Before I begin, I want to thank many of you who contacted me with feedback about the new website, communications plan, and content – it is sincerely appreciated. It has been mainly positive, but we can always do better, so please keep the comments coming.
I’d like to update you on the main issues facing the Bands and the Alumni Association right now. The nature of our group is to focus on how make things better for the band, and often that involves facing challenges. However, despite the negative tone that his might carry – and without sounding cliché – there is a lot about what’s happening right now that is really superb. I just got back from New York for the Battle of the Titans between Cornell and Columbia. The team in powder blue was slightly less titanic, and the Big Red pulled out their first victory. The band always wins, of course, but when it’s a comparison to Columbia, that’s like damning with faint praise. However, the students really did look and sound spectacular – the Pixar arrangements were musically complex and the field shows were really sharp. There are new (suitable for print) traditions including community service activities that integrate the energy and talent of the Pep and Marching Bands into campus events, showcasing the best of what the Big Red Bands have to offer.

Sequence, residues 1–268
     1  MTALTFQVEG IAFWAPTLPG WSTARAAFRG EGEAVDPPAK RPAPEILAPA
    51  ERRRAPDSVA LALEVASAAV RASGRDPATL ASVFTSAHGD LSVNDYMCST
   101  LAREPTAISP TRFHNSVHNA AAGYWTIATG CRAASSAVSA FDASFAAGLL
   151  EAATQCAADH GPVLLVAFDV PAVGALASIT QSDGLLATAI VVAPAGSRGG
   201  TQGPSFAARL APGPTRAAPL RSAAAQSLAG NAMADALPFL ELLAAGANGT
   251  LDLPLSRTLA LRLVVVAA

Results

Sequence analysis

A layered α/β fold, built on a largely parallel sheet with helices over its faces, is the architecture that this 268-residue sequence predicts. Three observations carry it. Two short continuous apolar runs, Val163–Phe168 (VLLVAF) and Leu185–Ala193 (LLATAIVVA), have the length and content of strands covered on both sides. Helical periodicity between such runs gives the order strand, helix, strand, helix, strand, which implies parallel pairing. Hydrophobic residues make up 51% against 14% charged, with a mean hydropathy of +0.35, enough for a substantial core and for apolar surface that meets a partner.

Of course, one of our main goals is to do what we can as an Alumni Association to support and optimize the student experience. There are three areas that we will be focusing on in the short term. First, we want to turn our attention the Pep Band to deal with the unprecedented success that many of our teams have had. This mainly applies to men’s and women’s ice hockey and men’s lacrosse. The unpredictable nature of these postseason events as well as the cost of these often far-flung trips makes planning and budgeting a nightmare. About ten years ago, we implemented a model with a fixed inflation-adjusted line for projected playoff expenses that was initially based on the previous decade of experience. Every silver lining has a cloud, and with every Cornell victory, we exceeded that budgeted amount almost every year. Given our history of support for teams, the option to simply not go to a deep round playoff game was never a realistic option given the heavily-invested stakeholders – the student band members, our athletes, alumni going to the games, and the Cornell community at large. Additionally, regular season pep band travel has also been at an all-time high (not surprising when the teams are good), further limiting budget flexibility. There are many other contributing factors, but the bottom line is that we need to have guidelines in place that incorporate some combination of number of trips, total cost, team quality, student enthusiasm, and playoff potential into planning both a regular season pep band travel schedule and which playoffs will be attended (unless other funding becomes available). Importantly, this will create realistic expectations for the student leadership, the absence of which has made year-to-year planning difficult. This was first discussed at the Alumni Association meeting in 2013, and I was encouraged by the consensus of the many people in attendance that a general plan should be in place. This discussion will be lead by current (and outgoing) Pep Band Manager Michelle Yanda and Advisory Council at-large member Kyle Preston. If you are interested in contributing, please contact Michelle, Kyle, or me.